The Cowboy Church movement, a little over 40 years old, began as a ministry to rodeo cowboys and related workers but has since expanded to thousands of people who enjoy the lifestyle of the American West.
Glenn Smith (1935-2010), a pioneer of the movement, had competed as a rodeo cowboy himself and had also worked as a rodeo clown. When he started his ministry in the early 1970s, rodeo life had a well-earned reputation for being rough and rowdy.
“In the years I was competing, it was understood that if you didn’t drink, cuss, chase women, and fight, you were not accepted. I figured this was still the attitude, in general, and in 1973 I was right. It has changed drastically since then,” Smith said in his book Apostle, Cowboy Style.
Pulling a camping trailer behind his truck, Smith began to follow the rodeo circuit, witnessing to anyone who would listen. Smith was ordained to full time ministry, and his wife Ann joined him on the road. They conducted informal Christian services in barns, arenas, metal buildings, and on ranches.
The goal from the start was to reach unchurched people who would not attend a conventional church or who had walked away, hurt by some judgmental aspect of it.
To make cowboy church more welcoming, Smith imposed a few simple rules. It was always “come as you are,” with attendees received in jeans, boots, cowboy hats and work clothes.
There was no collection or altar call. Meetings were held in nonthreatening western settings, not churches. In those years, cowboy churches were nondenominational.
In 1986, world champion calf roper Jeff Copenhaver began having regular Cowboy Church at Billy Bob’s Texas bar in Fort Worth. This marked the first Cowboy Church in a permanent location.
After two years he and his wife Sherry moved services to an old auction barn then the Stockyards Hotel.
Copenhaver notes that the second permanent Cowboy Church started in Calgary, Alberta, Canada, then a third in Nashville, Tennessee.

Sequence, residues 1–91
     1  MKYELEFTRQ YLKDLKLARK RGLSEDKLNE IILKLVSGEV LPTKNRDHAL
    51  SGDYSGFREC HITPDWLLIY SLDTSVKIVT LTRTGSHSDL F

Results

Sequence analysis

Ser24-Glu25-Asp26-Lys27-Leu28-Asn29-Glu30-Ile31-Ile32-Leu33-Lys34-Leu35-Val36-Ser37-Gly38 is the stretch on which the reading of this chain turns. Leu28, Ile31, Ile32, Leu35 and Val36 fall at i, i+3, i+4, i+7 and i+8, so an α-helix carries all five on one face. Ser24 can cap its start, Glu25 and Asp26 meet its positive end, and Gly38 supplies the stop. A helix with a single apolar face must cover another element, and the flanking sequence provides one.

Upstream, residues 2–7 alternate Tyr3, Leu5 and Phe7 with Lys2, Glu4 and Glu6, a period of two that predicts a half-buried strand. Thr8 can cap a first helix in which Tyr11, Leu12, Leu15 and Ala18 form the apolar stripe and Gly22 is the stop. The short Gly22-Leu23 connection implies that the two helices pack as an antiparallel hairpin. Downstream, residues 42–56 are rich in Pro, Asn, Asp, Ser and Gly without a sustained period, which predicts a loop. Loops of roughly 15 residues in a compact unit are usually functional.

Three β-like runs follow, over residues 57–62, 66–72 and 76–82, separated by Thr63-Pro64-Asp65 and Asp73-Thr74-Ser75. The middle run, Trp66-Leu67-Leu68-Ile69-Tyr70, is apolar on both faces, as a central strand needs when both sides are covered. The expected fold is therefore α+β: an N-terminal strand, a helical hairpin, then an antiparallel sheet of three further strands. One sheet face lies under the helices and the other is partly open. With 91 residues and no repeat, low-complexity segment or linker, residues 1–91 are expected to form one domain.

Seeing the popularity of the early cowboy church movement, the Baptist General Convention of Texas encouraged its churches to sponsor cowboy churches in their cities.
One of the largest of those is the Cowboy Church of Ellis County (CCEC), sponsored by the First Baptist Church of Wexahachie, Texas. CCEC was founded by Ron Nolen in 2000. Gary Morgan has served as pastor for the past several years, seeing the church grow to more than 1,700 members.
Just as CCEC’s services aren’t traditional, neither are its weeknight events. Some of the members take advantage of a riding arena after Sunday services. Tuesday evenings are devoted to barrel racing and Wednesdays feature team roping events. Thursday nights find local high school boys trying to ride ornery bulls.
Although some have criticized the “niche” aspect of cowboy churches as being too exclusive, Morgan says it’s not just cowboys who attend. Jake McAdams, who wrote his thesis at Stephen F.
Austin State University on the cowboy church movement, discovered attendees are more likely to be factory and oil workers, police officers, government employees, teachers, nurses, and accountants.
Whatever the demographics, removing barriers that keep people from attending church has led to an explosion of cowboy churches across the United States. They can be found in such unlikely spots as Anchorage, Alaska and Whitehall, New York. Registered and unregistered cowboy churches total more than 1,000 across the country.
While many cowboy churches follow Baptist beliefs, others were started by Assemblies of God, Church of the Nazarene, and Methodist denominations.
Church planting figures prominently in the Cowboy Church movement.
“Fifty percent of our cowboy churches have already reproduced themselves,” Charles Higgs, director of the Western Heritage Ministry of the Baptist General Convention of Texas, told Baptistnews.com.
To provide ministerial training and networking, several Cowboy Church associations and fellowships have sprung up. Truett Seminary at Baylor University and Dallas Baptist University offer college-level courses for cowboy church leaders.
Some observers complain that permanent churches are offering cowboy church type meetings that are only thinly disguised traditional services. Despite the fact that the movement has been around 40 years and is still growing, many see it as a fad, another in a long line of casual, come-as-you-are services.
“One thing about the traditional churches is they’re going to have to change if they’re going to survive,” Higgs told National Public Radio. “They’re going to have to go beyond their walls and do church different.”